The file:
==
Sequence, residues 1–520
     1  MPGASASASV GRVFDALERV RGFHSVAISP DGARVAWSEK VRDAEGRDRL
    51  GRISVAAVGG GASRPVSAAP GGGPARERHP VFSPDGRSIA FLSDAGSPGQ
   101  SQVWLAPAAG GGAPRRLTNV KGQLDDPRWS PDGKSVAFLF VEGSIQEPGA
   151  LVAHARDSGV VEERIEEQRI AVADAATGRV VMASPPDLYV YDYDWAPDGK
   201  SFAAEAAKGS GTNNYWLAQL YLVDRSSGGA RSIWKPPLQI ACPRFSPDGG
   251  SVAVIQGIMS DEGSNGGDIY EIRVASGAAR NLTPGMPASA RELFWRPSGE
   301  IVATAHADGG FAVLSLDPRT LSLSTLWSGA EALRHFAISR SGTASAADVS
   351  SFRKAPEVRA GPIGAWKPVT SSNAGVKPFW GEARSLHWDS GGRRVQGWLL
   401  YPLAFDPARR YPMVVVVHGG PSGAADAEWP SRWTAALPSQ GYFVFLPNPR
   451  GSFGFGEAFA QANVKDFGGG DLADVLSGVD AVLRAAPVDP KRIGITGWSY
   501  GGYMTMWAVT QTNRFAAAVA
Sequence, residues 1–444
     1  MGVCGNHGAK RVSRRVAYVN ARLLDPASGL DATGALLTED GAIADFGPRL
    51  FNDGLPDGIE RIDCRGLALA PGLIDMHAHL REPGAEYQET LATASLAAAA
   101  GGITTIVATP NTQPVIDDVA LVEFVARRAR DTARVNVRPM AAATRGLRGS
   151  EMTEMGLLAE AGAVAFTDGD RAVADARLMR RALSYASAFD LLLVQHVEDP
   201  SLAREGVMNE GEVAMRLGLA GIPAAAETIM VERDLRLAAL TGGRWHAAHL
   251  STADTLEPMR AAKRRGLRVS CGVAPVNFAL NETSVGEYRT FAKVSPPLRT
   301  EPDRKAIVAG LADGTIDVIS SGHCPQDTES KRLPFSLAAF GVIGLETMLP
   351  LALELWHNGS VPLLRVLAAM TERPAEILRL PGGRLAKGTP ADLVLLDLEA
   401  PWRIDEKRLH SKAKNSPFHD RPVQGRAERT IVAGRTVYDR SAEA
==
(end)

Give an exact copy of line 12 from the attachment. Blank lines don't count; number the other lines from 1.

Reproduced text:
   501  GGYMTMWAVT QTNRFAAAVA